Teachers are raising concerns about their own safety and are reporting breaking up fights in secondary schools in Grenada.
Students have been caught with weapons in most of these schools. If an actual surge is taking place, what’s causing it? What do Ministry officials need to consider as they try to respond?
I have discovered that the nation is in the grip of a general spike of violence probably due to the pandemic and social unrest. No one really knows why we’ve got the trends and violence we’re seeing right now.
I believe it’s a combination of the pandemic; a lack of trust in our institutions, particularly law enforcement; lack of parental support and guidance; the presence of guns; the toxic, divisive, contentious times we live in. They’re all interacting together.
Our students are sending us warning shots. Teachers, too, have reported being victims of violence at school. There are now simply more guns on the streets, and in cabinets. It includes those incidents that take place during school hours or events, on school property, and in which at least one individual is wounded.
We hope only to provide reliable information to help inform discussions, debates, and paths forward.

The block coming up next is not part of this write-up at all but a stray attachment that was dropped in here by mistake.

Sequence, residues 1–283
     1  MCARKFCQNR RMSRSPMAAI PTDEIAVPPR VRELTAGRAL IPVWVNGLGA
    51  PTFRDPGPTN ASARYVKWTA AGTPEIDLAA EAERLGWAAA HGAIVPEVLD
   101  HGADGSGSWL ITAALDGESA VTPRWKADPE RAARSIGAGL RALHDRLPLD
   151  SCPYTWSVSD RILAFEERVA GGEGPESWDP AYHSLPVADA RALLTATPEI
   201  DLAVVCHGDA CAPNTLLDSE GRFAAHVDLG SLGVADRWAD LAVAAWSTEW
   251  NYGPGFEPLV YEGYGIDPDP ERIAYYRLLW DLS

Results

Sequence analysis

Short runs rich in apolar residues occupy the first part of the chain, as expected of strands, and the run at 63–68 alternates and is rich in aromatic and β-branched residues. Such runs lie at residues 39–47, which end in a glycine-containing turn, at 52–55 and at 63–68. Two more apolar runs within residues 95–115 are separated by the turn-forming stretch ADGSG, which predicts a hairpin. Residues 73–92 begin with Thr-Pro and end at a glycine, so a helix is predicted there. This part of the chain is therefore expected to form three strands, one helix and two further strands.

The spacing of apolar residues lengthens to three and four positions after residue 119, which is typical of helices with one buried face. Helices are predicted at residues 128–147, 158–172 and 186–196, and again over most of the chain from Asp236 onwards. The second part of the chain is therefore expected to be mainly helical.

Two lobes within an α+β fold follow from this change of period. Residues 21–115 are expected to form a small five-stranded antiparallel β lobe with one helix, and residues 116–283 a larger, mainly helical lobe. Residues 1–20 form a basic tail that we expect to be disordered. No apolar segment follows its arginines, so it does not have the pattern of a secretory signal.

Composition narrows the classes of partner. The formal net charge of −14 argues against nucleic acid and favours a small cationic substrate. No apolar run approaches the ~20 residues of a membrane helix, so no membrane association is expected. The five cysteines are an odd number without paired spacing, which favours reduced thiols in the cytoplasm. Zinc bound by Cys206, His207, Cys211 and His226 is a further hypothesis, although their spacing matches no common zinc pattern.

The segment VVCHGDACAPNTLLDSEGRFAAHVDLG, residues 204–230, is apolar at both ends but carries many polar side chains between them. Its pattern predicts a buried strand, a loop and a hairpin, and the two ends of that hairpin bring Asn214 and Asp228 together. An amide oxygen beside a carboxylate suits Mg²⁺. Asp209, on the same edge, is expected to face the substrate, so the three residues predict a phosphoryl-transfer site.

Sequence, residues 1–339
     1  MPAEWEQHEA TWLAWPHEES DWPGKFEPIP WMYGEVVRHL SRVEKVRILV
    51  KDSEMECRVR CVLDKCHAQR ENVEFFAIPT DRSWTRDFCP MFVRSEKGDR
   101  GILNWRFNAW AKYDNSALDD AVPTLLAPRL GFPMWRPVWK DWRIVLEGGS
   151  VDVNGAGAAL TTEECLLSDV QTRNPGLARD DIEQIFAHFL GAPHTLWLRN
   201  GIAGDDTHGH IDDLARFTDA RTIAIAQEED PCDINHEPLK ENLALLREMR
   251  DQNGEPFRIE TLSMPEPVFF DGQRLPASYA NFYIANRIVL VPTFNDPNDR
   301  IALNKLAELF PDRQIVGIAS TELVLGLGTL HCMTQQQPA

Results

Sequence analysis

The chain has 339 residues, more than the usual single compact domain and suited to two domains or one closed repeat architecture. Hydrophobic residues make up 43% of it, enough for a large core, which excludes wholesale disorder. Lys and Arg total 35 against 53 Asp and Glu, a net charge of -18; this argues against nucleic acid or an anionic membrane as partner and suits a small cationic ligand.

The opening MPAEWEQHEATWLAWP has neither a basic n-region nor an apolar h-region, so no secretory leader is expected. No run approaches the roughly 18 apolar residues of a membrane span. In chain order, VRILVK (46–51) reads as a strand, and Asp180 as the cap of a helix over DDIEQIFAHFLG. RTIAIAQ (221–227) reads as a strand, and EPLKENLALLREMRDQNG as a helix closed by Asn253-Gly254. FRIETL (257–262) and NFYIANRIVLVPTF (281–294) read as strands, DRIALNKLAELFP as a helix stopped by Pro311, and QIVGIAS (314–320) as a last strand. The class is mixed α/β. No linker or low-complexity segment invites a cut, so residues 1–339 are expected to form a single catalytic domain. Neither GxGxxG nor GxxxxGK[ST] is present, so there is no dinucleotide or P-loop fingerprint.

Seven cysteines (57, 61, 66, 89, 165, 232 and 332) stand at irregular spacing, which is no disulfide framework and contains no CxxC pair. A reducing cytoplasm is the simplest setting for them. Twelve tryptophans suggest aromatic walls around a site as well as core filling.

Children, like adults, are tired, isolated, and traumatised by the last 20 months for mental health issues. It has increased dramatically in a seven-month period in 2022. The nation is still in the crisis of the pandemic with no real end in sight.
According to a counsellor, students can display a range of crisis reactions, which may include aggression, in response to the losses of the last two years. We need to acknowledge and support community re-engagement.
The global pandemic has exacerbated risk factors for violence in general, like loneliness, isolation, and economic instability. Violence also tends to rise at times of uncertainty, especially when distrust in public institutions is high. And social media serves as an accelerant, whipping up anger and frenzy.
Guns are more likely to be found in the hands of juveniles because of more lax laws in that regard. I strongly believe that it is significant to bring back security officers in secondary schools, increasing the number of school safety officers and offering evening or remote learning options for disruptive students. This can reduce violent students in schools, mainly fights.
The presence of security officers means that students would be suspended, arrested, or referred to the juvenile justice systems. The principal is the one who will make the call on whether to suspend students, not security officers themselves, and the principal who, alongside security officers, can refer students into the juvenile justice system.
We have to have professionals out in our communities, visiting with families and visiting with children and doing the outreach and support. I strongly believe it is going to take families, parents, teachers, social workers – it’s going to take everyone to prevent fighting and violence in schools.